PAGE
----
How to Choose Your Car Insurance Coverage: A Guide

Unfortunately, very few people know their car insurance coverage in-depth until they have an accident. It is only in having an accident that they learn whether or not their coverage is lacking. Understanding what is covered is important both for protecting your health and your assets. Read on for your guide to the different levels of coverage. 

The Basic Levels of Coverage

There are three basic levels of car insurance coverage: liability, collision and comprehensive. Liability insurance is the most basic level of coverage, and it is required as a minimum in most states. Firstly, liability insurance essentially only pays out for the damage you do to other people as a result of an accident. In addition, third-party personal injury and death claims are covered, as is third-party property damage. 

Next is collision insurance; this is often added to liability. Collision insurance coverage pays to repair your car after an accident. If you have a loan on your car, you will likely need to take out this level of coverage. Think about it like this: the car is not really yours; it belongs to the bank, and they do not want to be stuck with a wrecked car.

Lastly, comprehensive insurance is – as the name suggests- the highest level of coverage that you can get. Often comprehensive cover is on top of the two mentioned above, and it means that your car is covered for most forms of damage, whether the result of theft, vandalism, fire or water. That being said, your level of coverage will depend on the value of your car. Often, if it is worth less than $5,000, 

it is recommended that you stick with liability only. 

When you have chosen your level of coverage, you can begin to compare car insurance quotes. There are a lot of different providers out there, all of which are suited to different people. For example, The Hartford exclusively insures Older adults and AARP members.

Optional Extras

While the three main types of coverage are listed above, you can discuss a few extras with your insurance provider. Firstly, medical costs or personal injury protection. This covers the cost of medical bills for the policyholder and any passengers in the vehicle. However, if you have a good level of health insurance coverage, it may be unnecessary as your health insurance should cover the cost of your medical bills.

What is your insurance provider’s stance on uninsured motorists? Some providers refuse to cover policyholders for any damage that occurs as a result of an accident that involves an uninsured driver. You should check your provider’s stance on this, and you may want to think about adding it to your policy.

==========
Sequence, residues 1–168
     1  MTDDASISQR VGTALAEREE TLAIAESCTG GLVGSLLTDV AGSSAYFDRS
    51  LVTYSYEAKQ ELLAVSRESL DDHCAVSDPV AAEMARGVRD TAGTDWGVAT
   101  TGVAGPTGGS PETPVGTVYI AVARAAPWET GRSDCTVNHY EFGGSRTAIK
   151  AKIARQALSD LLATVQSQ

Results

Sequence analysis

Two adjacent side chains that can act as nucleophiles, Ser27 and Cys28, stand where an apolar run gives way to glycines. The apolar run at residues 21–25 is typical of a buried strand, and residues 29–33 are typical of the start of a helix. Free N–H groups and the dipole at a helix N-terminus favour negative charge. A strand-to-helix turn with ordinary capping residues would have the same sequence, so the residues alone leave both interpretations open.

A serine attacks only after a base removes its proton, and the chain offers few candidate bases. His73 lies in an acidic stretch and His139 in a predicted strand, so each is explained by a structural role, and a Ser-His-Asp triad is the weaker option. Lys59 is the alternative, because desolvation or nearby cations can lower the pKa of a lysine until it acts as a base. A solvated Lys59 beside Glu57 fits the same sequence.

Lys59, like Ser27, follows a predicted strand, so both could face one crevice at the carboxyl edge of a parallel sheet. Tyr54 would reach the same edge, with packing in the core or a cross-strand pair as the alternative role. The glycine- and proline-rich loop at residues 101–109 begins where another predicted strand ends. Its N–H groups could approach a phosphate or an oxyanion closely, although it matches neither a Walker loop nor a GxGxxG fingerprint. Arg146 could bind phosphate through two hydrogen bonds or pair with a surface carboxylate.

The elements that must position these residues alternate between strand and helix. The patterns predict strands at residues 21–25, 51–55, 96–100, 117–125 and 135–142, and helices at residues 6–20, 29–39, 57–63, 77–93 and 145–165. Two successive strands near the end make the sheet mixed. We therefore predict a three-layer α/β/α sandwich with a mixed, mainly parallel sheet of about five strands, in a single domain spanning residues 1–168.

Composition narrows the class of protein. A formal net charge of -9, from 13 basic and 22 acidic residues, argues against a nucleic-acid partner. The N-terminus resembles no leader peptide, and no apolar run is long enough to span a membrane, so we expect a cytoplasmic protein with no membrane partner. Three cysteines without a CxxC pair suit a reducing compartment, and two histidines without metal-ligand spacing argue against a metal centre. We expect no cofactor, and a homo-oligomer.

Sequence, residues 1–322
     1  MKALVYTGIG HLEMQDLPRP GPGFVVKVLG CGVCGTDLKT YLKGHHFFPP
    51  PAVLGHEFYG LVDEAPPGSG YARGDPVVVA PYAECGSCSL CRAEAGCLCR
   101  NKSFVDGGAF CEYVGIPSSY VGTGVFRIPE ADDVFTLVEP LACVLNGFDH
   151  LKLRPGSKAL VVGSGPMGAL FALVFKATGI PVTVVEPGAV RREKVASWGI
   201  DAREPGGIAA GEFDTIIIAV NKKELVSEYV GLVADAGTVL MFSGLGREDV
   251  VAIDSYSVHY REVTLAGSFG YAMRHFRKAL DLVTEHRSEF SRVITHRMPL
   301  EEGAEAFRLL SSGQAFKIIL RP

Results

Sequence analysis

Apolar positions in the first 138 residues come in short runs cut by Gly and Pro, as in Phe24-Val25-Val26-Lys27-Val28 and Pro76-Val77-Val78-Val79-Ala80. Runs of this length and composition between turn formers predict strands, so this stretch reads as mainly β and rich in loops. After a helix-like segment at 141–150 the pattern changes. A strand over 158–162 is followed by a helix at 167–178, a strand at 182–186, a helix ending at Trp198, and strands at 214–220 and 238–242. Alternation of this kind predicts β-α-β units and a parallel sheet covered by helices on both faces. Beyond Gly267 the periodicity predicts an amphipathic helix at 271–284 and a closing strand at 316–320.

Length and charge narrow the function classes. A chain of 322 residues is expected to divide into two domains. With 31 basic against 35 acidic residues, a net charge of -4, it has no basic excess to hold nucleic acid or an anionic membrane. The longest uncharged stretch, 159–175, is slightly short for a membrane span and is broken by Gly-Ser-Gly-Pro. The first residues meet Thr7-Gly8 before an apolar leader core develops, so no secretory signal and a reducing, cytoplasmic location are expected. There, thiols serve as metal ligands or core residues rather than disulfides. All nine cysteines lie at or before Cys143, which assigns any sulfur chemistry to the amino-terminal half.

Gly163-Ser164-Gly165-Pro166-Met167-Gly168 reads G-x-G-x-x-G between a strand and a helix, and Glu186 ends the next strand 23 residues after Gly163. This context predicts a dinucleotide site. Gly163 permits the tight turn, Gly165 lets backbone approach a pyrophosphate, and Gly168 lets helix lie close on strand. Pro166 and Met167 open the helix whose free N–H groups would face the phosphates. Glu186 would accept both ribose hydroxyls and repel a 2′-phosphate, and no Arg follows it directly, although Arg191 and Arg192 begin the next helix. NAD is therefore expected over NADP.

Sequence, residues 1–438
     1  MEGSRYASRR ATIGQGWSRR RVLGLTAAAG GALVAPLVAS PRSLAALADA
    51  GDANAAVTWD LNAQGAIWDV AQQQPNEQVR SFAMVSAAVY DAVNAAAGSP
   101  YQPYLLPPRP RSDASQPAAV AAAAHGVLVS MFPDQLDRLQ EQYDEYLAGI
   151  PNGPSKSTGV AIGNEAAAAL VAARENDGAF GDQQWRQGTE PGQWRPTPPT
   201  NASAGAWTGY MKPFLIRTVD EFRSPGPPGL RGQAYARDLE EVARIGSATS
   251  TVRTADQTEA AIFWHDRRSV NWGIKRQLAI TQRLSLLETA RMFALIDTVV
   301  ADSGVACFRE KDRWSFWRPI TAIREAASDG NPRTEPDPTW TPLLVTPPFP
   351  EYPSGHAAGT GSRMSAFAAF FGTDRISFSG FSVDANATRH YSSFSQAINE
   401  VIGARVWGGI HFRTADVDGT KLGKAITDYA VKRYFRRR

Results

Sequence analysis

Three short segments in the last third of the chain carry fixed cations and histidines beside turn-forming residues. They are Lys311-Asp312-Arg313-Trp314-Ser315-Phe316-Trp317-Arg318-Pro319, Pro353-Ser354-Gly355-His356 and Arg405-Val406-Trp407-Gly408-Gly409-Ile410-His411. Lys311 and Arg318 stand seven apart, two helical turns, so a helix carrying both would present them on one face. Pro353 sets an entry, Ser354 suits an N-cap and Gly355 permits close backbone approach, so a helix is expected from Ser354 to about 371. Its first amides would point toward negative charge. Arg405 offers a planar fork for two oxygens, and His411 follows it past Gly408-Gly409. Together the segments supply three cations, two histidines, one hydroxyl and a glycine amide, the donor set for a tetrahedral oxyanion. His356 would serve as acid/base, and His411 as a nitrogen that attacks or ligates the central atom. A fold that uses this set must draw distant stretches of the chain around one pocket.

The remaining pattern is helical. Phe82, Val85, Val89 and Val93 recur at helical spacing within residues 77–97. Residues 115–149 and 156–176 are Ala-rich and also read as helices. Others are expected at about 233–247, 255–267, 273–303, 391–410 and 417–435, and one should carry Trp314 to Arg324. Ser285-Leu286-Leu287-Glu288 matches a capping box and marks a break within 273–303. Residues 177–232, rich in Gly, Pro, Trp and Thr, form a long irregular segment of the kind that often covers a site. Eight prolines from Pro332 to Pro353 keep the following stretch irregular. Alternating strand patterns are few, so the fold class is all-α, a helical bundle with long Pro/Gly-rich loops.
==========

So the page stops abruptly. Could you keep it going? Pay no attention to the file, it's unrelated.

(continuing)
Lastly, does your insurance cover the cost of towing or a rental if your car breaks down? If your car cannot be driven because of an accident or a breakdown, do you have the right coverage for roadside assistance or insurance to recover your vehicle? If your car remains undrivable for a time whilst it is being repaired, will your insurance cover the cost of a rental? Again, double-check your policy to see what the small print specifies. 

Factors That Affect Your Rates

The level of coverage and any extras you choose will affect your premiums; however, there are several other factors that could impact the price you pay. One of the unexpected influences of your premium is your demographics. Your age, gender and locale will all affect your rates. For example, younger drivers are often charged more, as are city dwellers. It comes down to statistics and who is more likely to make a claim. Your profile as a driver has also affected your rates and demographics; your driving habits are also taken into account. What is your annual mileage? Where is your car parked most of the time? These things will also affect your rates. 

Your deductible also affects your rates. If you are willing to agree to a higher deductible, then you can often lower your premium. However, this does mean that in the event of an accident, you will be responsible for the initial costs up to the deductible, so you should only agree to what you can easily afford. If you have made claims in the past, then this will also affect your rates. Accident-prone drivers are charged more, so try to keep your claims to a minimum if possible. 

Lastly, vehicle choice and any modifications to the car will affect your premiums. Expensive cars obviously cost more to insure than cheaper ones; sports cars cost more than sedans, etc. Any modifications to your car will also change the amount your insurance provider will charge. For example, what safety devices are installed in your vehicle? Are there any theft deterrent systems? Having these in place can lower your premiums, although if they differ from your manufacturers’ specs, this can also affect your premiums. 

In Conclusion

Making wise choices with your car insurance is important for your health and your wealth. Make an effort to really think about the coverage that you need. You should also read through your policy before you sign so that you understand exactly what you are being offered. You do not want to be let down if you have to make a claim.

Photo by Sarah Brown on Unsplash

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